Leaseholders and service charge on different sized flats?

Leaseholders and service charge on different sized flats?

9:29 AM, 16th November 2020, About 3 years ago 13

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The building split into 15 different sized flats is managed by a board of directors from the leaseholders. It has worked reasonably well, but now that the building is in need of updating and also some hefty repairs (roof) the directors have decided that they will change the way that the service charge is paid.

It was on percentage, and they want to make it an equal split – obviously there have been objections so backed down on that, and now want the service charge on the original percentages and the repair fund to be split equally as there is a bit of a weird thought that all flats use the building equally – they are from 1 beds to 3 bed penthouses (2 of those).

Major works have already been done to the roof with no S20 (if it’s self-managed do they need to issue this?) and no tender process, it was the people who usually do the repairs instructed.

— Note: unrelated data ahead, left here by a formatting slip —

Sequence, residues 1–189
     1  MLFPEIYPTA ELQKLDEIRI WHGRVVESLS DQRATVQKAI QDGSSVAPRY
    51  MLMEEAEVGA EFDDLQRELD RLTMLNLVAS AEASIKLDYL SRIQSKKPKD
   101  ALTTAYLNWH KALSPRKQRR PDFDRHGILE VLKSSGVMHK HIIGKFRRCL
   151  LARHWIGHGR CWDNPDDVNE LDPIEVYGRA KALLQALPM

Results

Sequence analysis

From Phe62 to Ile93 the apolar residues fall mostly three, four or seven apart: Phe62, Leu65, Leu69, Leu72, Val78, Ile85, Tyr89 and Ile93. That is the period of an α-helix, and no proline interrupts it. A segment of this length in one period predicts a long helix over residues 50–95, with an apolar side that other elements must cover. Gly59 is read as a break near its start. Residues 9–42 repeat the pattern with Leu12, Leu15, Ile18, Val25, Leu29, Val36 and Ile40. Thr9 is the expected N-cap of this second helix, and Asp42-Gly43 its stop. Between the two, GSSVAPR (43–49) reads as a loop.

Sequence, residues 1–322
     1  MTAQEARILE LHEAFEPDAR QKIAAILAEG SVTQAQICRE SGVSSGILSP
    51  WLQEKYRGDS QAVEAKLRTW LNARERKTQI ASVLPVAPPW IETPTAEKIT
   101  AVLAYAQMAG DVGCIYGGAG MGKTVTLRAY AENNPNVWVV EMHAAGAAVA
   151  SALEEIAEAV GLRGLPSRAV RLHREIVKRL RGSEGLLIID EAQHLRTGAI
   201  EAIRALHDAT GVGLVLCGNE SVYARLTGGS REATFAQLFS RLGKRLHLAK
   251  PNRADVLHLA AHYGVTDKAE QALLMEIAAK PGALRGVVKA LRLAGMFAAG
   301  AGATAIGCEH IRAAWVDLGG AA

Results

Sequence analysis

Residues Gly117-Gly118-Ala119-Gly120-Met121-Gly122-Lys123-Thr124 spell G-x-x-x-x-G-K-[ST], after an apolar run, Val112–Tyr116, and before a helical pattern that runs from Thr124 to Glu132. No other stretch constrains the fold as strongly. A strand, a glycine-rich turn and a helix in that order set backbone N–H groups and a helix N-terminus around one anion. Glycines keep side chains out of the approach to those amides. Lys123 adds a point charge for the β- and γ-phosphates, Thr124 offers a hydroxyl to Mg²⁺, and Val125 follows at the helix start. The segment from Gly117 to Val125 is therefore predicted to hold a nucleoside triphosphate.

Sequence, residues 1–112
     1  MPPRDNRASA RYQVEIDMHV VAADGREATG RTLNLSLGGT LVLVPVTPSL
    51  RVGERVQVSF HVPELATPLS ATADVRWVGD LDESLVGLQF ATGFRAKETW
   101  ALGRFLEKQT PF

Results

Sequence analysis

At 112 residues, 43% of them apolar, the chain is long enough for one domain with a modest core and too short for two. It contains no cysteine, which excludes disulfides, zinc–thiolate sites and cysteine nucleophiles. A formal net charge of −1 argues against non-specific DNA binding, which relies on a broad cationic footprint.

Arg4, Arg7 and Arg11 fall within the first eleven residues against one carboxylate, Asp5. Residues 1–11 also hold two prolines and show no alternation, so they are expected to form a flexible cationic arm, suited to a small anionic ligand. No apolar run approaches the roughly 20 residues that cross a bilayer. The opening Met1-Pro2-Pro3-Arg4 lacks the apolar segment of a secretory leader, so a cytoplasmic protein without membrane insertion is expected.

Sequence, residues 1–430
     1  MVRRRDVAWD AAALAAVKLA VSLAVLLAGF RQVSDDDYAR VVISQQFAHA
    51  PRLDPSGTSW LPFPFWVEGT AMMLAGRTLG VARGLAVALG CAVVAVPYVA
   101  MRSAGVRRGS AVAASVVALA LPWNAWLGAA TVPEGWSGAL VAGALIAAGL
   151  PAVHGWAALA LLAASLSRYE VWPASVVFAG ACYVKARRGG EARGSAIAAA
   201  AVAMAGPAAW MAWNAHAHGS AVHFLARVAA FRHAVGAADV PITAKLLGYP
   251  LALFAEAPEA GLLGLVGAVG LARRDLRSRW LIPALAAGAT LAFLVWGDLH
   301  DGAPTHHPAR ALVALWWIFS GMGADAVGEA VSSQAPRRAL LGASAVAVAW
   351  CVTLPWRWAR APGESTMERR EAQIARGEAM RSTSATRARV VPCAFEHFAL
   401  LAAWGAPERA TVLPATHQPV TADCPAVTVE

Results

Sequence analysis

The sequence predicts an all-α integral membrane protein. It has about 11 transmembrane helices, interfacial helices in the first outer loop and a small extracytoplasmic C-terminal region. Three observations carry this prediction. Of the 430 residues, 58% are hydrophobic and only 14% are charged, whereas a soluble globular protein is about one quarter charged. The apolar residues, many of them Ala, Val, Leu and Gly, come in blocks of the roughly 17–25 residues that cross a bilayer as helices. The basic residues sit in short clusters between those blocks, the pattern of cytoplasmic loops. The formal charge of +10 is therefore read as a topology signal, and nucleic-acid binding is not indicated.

4 directors from 3 different flats are currently making these decisions, one director has disagreed so the letters are going out without his name on it.

A loan was taken out by the directors in the name of the building to fund some works last year.

I can’t help but thinking that this is not quite right but finding it hard to word.


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Ron H-W

10:59 AM, 16th November 2020, About 3 years ago

S20 is needed for a work or a series of linked works (e.g. exterior decorating £3K plus scaffolding £3K) that is likely to exceed £4k in total, NO MATTER WHO is arranging it, whether a separate freeholder or a lessees' RMC.
The S20 process must give each lessee the opportunity to suggest somebody to put in a quote.